Officer Avery’s injuries were numerous: concussion, fractured left arm and leg, five fractured ribs, and multiple lacerations. The left arm fracture required three procedures, including a surgery to implant permanent hardware. His road to recovery included extensive therapy. Despite continuing symptoms in his arms and legs, Officer Avery worked diligently with his therapists to regain strength and motion. Just shy of nine months after the crash, Officer Avery was cleared for a return to work. Officer Avery surprised everyone. He pushed his doctors to clear his return long before many thought he would be medically able. Officer Avery’s doctors and therapists documented his dedicated efforts towards his own recovery as well as his desire to return to work.
We met Officer Avery while he was still in the hospital. He expressed his good fortune to have survived this horrendous crash. However, he stressed about how he would support his family. As a ‘special’ officer, Officer Avery works part time for his municipality. Not only was he too injured to work as a police officer, he could not resume his regular occupation.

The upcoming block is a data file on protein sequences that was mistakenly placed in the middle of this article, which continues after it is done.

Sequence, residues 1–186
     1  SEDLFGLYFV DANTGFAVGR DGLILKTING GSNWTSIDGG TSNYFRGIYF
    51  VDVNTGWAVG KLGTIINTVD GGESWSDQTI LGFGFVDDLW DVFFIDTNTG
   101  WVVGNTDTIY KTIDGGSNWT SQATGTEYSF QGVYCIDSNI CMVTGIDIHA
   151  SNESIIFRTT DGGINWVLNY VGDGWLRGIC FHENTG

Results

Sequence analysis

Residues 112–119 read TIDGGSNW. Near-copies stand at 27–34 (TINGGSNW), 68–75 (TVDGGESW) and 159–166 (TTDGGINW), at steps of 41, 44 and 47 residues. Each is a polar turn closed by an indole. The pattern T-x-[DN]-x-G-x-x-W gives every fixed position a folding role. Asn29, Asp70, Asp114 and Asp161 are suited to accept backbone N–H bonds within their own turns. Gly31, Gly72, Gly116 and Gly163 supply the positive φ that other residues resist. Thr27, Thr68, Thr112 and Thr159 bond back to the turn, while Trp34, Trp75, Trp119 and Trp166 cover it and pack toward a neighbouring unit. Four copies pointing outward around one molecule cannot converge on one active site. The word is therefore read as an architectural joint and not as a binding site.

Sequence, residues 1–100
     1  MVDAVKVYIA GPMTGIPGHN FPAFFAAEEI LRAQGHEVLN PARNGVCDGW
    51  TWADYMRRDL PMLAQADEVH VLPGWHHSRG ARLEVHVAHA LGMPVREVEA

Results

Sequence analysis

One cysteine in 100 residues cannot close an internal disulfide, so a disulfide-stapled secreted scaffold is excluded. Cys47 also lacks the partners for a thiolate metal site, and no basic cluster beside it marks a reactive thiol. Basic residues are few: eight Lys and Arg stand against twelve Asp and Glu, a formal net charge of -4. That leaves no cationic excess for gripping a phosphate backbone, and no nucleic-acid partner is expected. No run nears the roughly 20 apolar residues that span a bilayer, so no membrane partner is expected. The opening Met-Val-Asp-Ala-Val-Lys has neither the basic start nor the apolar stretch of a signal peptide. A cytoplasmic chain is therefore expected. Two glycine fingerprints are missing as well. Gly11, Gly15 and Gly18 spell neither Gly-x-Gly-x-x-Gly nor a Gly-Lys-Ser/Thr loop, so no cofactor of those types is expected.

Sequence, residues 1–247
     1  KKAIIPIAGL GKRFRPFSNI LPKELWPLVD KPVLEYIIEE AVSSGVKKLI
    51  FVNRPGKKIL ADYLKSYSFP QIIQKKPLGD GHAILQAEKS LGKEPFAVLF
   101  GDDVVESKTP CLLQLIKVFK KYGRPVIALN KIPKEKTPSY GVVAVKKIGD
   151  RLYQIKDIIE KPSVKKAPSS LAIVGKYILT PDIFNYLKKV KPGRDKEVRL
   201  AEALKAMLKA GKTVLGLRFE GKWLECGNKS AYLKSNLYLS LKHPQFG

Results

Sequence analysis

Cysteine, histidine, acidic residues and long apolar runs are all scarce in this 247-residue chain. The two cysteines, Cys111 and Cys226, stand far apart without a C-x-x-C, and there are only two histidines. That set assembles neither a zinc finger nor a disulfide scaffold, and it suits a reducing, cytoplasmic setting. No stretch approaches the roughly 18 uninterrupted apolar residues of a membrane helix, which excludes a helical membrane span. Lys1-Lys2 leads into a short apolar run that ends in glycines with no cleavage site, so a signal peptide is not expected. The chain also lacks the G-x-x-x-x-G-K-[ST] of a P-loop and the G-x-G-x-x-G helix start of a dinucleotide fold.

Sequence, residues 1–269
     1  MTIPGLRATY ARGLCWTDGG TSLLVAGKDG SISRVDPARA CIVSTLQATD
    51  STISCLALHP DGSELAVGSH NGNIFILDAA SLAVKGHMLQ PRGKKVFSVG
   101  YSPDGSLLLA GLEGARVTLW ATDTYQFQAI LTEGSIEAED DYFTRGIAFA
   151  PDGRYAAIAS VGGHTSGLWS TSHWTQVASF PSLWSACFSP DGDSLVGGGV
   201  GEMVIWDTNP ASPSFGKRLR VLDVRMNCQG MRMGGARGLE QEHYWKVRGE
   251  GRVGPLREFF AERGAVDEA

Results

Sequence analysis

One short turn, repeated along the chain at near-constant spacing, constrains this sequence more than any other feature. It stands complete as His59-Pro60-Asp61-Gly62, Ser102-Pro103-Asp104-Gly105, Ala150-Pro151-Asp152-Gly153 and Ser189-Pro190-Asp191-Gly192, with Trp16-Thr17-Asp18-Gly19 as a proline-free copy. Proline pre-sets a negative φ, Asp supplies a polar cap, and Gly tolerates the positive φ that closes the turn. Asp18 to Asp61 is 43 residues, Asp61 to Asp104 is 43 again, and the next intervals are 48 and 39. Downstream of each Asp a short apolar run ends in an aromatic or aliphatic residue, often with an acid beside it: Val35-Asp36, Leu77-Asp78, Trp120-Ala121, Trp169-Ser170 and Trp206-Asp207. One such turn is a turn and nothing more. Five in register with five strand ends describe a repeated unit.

We decided to feature Officer Avery’s case not just for the monetary result, but also to inform special, reserve and part time officers of certain injury-on-duty benefits, which may be available to them. Like many police officers and firefighters working on a ‘special’, reserve or part time designation, Officer Avery relied on a second, regular occupation to support his family.
Many special officers and part time officers are unaware that Massachusetts law provides protection for special officers like Mr. Avery who are unable to work their regular occupation because of an injury-on-duty. In most circumstances, M.G.L. Chapter 32 §85H affords compensation equivalent to the average weekly pay of a first-year public safety officer while the officer is unable to work their regular occupation because of the injured-on-duty. We have found several municipalities to be unaware of this provision. This municipality was no exception.